What ever happened to “Ryle” Anglicans?

Have you ever wondered what happened to Anglicans in the tradition of J. C. Ryle who preached the gospel with clarity and passion? There are still some in Britain like John Cheeseman and in Austrailia like Peter Jensen, the Archbishop of Sydney. However, it’s the African Anglicans who are holding the line with their lives, at times, literally on the line. In a recent issue of  First Things (August/September, 2007), Ugandan Archbishop Henry Luke Orombi details their obvious passion for God’s Word. This causes me to wonder, would American Episcopals die for their putrid articulation of eternal realities? These African Anglicans write with more clarity and with their finger on the issue than just about anybody in the Evangelical Theological Society or from among the leaders of any North American denomination.

Orombi writes, “We are convinced that Scripture must be reasserted as the central authority in our communion. . . . The Bible cannot appear to us as a cadaver, merely to be dissected, analyzed, and critiqued, as has been the practice of much modern higher biblical criticism. Certainly we engage in biblical scholarship and criticism, but what is important to us is the power of the Word of God precisely as the Word of God–written to bring transformation in our lives, our families, our communities, and our culture. For us, the Bible is ‘living and active, sharper than a doubled-edged sword, it penetrates to dividing soul and spirit, joints and marrow, it judges the thoughts and attitudes of the heart’ (Heb. 4:12). The transforming effect of the Bible on Ugandans has generated so much conviction and confidence that believers were martyred in the defense of the message of salvation through Jesus Christ that it brought. . . . We would not be facing the crisis in the Anglican Communion if we had upheld the basic Reformation convictions about Holy Scripture: its primacy, clarity, sufficiency, and unity. . . . Without a commitment to the authority of the Word of God, a confidence in a God who acts in the world, and a conviction of the necessity of repentance and of a personal relationship with Jesus Christ, we will be hard-pressed as a communion to revive and advance our apostolic and missionary calling as a church.”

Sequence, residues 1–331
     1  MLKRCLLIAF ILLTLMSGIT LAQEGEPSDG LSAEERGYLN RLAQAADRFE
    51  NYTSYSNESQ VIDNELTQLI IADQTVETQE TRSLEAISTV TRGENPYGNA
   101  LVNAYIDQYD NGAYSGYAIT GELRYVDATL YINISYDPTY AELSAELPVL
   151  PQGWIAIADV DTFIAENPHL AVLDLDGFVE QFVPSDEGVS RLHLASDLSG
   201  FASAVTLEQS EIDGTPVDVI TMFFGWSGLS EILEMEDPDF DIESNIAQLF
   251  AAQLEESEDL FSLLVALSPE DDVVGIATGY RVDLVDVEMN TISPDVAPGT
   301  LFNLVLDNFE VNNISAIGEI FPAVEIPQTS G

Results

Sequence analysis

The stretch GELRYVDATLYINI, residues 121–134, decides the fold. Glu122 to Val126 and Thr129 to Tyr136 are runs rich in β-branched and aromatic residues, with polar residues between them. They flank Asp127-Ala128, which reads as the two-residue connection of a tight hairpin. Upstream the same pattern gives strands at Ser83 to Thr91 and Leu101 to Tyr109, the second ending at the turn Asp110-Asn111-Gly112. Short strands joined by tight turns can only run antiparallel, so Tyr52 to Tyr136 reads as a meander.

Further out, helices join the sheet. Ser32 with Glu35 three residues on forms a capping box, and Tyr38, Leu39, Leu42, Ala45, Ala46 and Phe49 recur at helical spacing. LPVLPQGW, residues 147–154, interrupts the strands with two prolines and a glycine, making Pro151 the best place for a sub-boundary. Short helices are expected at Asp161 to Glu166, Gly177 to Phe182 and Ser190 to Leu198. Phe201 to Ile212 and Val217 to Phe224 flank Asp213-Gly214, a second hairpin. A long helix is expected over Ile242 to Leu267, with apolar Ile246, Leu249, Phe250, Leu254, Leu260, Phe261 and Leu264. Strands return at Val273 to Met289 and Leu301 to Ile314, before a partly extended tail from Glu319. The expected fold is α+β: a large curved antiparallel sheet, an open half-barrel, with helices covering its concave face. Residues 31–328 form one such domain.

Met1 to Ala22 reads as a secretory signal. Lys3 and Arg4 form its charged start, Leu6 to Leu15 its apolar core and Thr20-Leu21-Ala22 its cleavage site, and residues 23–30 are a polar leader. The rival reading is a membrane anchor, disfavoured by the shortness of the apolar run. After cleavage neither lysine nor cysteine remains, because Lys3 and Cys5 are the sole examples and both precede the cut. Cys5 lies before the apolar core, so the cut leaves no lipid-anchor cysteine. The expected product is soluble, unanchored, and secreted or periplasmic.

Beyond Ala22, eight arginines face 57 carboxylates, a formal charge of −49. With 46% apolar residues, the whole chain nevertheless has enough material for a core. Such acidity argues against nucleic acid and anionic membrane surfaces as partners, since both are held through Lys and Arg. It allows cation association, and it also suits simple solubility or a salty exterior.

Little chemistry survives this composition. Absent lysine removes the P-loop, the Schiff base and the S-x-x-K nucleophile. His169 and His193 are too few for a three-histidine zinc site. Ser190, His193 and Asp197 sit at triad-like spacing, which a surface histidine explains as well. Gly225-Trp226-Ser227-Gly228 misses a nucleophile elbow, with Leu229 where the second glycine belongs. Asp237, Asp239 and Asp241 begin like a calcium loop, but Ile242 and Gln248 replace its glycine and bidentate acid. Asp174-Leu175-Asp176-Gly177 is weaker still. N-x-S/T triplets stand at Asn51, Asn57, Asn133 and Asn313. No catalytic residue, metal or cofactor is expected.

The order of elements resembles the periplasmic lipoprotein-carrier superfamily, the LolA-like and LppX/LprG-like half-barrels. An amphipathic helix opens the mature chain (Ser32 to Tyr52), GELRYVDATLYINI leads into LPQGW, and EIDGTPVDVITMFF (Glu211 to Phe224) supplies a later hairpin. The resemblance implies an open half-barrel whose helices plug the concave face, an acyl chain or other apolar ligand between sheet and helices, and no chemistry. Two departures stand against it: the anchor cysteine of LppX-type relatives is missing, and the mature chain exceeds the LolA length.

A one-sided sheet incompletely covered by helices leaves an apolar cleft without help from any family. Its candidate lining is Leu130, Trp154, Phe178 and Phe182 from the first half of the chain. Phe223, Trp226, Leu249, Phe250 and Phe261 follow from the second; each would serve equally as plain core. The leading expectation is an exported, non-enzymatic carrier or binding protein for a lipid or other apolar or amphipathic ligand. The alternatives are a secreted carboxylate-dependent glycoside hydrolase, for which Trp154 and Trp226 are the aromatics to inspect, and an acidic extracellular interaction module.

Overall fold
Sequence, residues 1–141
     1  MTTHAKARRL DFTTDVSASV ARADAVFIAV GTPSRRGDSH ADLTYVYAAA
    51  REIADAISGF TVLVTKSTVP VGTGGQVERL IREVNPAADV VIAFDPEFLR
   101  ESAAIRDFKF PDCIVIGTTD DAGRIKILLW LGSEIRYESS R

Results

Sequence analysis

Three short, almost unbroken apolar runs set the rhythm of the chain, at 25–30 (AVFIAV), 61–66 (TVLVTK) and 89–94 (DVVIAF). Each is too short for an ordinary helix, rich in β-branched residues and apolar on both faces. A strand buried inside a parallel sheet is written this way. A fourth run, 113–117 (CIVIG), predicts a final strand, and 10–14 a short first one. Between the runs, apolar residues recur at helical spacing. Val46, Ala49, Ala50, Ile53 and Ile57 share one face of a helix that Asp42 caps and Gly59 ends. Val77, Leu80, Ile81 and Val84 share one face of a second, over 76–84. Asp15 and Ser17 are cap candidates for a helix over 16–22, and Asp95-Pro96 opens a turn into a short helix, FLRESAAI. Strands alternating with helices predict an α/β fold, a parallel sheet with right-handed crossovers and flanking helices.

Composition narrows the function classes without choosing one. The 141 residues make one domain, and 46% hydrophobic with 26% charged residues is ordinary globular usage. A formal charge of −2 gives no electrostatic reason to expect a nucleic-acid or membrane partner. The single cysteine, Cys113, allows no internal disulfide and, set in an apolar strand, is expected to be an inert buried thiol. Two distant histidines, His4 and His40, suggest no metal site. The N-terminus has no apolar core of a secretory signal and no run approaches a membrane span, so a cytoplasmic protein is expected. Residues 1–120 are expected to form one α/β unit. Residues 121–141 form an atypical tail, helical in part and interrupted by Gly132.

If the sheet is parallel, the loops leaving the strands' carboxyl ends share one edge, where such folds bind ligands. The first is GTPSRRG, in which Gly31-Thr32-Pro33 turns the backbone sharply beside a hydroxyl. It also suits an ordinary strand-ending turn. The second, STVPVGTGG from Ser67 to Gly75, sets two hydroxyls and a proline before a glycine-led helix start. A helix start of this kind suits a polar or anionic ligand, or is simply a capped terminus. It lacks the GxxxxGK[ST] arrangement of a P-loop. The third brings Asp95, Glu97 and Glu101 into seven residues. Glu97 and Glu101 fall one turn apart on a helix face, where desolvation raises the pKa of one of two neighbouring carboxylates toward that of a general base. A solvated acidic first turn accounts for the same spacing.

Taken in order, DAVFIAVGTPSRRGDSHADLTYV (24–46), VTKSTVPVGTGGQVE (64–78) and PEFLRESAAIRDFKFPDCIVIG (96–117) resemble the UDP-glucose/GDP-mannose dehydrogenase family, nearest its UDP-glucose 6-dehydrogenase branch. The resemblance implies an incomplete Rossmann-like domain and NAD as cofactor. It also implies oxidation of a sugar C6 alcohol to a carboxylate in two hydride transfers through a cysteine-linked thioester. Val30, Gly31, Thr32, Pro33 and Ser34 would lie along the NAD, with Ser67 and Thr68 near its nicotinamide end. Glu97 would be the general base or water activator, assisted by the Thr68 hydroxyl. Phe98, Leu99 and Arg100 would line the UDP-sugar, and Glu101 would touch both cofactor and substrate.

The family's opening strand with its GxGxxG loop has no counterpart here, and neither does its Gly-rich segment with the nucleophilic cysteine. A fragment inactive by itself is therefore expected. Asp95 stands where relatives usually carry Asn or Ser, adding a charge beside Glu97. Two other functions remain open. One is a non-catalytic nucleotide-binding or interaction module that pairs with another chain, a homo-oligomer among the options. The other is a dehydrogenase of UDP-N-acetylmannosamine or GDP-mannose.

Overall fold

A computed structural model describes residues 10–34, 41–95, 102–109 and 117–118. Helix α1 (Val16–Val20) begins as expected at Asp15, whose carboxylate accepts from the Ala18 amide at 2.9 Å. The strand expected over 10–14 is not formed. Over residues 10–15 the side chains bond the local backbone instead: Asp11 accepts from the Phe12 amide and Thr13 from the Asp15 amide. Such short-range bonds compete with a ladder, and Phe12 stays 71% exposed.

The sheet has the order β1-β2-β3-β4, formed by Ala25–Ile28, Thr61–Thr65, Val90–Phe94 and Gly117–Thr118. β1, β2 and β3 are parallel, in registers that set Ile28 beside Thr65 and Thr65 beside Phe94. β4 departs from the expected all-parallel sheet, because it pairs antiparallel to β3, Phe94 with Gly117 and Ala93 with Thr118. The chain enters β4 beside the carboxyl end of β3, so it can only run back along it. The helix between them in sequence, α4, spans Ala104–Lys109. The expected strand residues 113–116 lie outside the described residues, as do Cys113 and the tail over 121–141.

HT: Ref21

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One response to this post.

  1. “. . . would American Episcopals die for their putrid articulation of eternal realities?”

    Since leaving the Episcopal church nearly 20 years ago I have bemoaned and lamented the decline of the Episcopal Church in the United States. But not till I read this essay had I wept for the church of my youth. Praise the Lord that Anglicans in Africa still hold fast the the Word of God.

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